Thursday, March 15, 2012
The Way -- choosing a life, living a life
Director: Emilio Estevez, 2010. (PG-13)
One person embarks on a 500 mile trek and meets up with three others along the way. They form a love-hate relationship and share some of their personal struggles along the journey. This sounds like a slow and boring movie, especially given the frequent shots of silent striding. Yet, under the sensitive helm of writer-director-producer (and even actor) Emilio Estevez, The Way is actually a poignant and moving (pun intended) film that engages those who want to think about their films.
The story centers on Tom Avery (Martin Sheen, Emilio’s real-life father), an ophthalmologist living in California. His wife dead, his estranged son Daniel (Emilio Estevez in more of a cameo role) has gone to France to walk the Camino de Santiago, or the Way of St James the Apostle. This 500 mile trek is one of the most famous Christian (or Catholic) pilgrimages, going from St. Jean Pied de Port in the French Pyrenees to Camino in Spain. Daniel has turned his back on his PhD program to seek real-world adventure and to live life, to travel and gain experience he can use later.
When Tom gets a call from France, he is informed Daniel died in a storm barely out from the start of his trek. Cancelling his appointments, he goes to France to claim the body, and while there decides to walk the camino with the cremated remains of his son. Wearing his sons gear, Tom begins an unplanned trek to complete what Daniel started. He is bearing not only the box of Daniel’s ashes, scattering them as he goes, but his grief and the bitterness of estrangement.
Estevez shows up in a few scenes, notably at the beginning when Tom is driving Daniel to the airport, to establish the difference between father and son. He shows up later along the journey but only in Tom’s imagination, to either challenge or encourage Tom in his progress along the way.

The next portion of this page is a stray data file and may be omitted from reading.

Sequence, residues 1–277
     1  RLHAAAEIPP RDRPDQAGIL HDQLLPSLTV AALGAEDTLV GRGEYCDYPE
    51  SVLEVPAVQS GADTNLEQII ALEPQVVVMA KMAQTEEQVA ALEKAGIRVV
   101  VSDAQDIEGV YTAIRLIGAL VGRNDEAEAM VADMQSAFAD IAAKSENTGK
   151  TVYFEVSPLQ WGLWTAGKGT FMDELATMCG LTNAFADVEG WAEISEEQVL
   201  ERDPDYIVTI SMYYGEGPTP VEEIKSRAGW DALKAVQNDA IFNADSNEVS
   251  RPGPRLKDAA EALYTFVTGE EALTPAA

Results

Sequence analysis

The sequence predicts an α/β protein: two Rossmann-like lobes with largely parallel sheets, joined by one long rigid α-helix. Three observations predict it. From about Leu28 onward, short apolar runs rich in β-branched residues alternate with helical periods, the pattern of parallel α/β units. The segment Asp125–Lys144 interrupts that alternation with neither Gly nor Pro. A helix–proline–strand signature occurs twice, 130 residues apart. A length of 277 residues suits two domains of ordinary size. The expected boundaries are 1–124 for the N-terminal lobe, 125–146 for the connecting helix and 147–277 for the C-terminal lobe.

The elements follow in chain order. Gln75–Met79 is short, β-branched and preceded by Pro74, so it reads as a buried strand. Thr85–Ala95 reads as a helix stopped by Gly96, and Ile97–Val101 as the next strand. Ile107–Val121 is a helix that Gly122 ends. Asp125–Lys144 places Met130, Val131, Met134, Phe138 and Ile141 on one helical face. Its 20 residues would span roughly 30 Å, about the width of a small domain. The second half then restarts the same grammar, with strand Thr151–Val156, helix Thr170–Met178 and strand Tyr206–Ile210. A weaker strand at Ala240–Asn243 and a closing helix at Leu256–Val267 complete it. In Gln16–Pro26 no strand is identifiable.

And along the way Tom picks up a rag-tag trio of misfits. First there is Joost from Amsterdam (Yorick van Wagenngen). Carrying a portly beer belly, he is ostensibly traversing the camino to lose weight. His collegial congeniality and constant patter is diametrically opposite to Tom’s no-nonsense and purposeful manner. They are chalk and cheese. Then there is Sarah (Deborah Kara Unger, The Game), an acid-tongued Canadian with an attitude. She is walking the way to give up smoking, seemingly ready to put her last cancer-sticks at the feet of the statue of James in Camino. Finally, they meet Jack from Ireland (James Nesbitt), a high-strung writer suffering from writer’s block. He is along to find inspiration and unplug his writing. These comprise the main players in this plot.
Some have compared this movie to The Wizard of Oz, with Tom taking the part of Dorothy, finding himself in a land that is not California. The way of Saint James becomes the yellow brick road. The three trekkers parallel the cowardly lion (Sarah), the tin man (Joost) and the scarecrow (Jack). But unlike that earlier classic, when Tom gets to Spain he finds no Wizard, just a church with a statue. But the journey does enable them to attain personal transformation, just like Dorothy’s friends.
One obvious theme is grief. Although not dwelling on this, it is evident that Tom is processing his grief and his loss through finishing up Daniel’s project. He deals with this through much solitude and inner reflection, pushing people away with his gruff and determined manner. But he eventually opens up and shares with those around him.
Bereavement is sadly a fact of life. We all deal with grief differently. Some process alone; others need to talk it out with family and friends. All need to walk through it. And walking is what Tom does. Allowing himself to feel the pain of the lost relationship, he finally comes to terms with how he pushed Daniel aside while he was alive.